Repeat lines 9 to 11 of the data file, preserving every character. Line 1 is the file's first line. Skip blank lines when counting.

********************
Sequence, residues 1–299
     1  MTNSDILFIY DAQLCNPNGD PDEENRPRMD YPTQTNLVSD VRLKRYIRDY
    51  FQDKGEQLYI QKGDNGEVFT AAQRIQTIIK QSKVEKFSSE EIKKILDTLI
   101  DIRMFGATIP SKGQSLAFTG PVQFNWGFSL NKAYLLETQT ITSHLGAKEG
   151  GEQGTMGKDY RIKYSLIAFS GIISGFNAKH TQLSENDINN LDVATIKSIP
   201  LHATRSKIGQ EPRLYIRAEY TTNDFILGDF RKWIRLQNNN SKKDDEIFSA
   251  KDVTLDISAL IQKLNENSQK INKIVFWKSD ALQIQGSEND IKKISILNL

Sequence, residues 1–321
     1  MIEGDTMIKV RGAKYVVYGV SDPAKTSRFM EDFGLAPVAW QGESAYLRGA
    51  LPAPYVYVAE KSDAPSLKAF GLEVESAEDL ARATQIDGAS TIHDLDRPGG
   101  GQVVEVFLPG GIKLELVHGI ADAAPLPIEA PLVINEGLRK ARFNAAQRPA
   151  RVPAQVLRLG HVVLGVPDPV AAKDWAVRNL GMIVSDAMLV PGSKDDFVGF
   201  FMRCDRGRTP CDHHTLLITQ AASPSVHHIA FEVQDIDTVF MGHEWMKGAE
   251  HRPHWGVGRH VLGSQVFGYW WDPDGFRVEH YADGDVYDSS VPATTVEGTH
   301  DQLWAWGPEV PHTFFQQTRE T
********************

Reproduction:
     1  MIEGDTMIKV RGAKYVVYGV SDPAKTSRFM EDFGLAPVAW QGESAYLRGA
    51  LPAPYVYVAE KSDAPSLKAF GLEVESAEDL ARATQIDGAS TIHDLDRPGG
   101  GQVVEVFLPG GIKLELVHGI ADAAPLPIEA PLVINEGLRK ARFNAAQRPA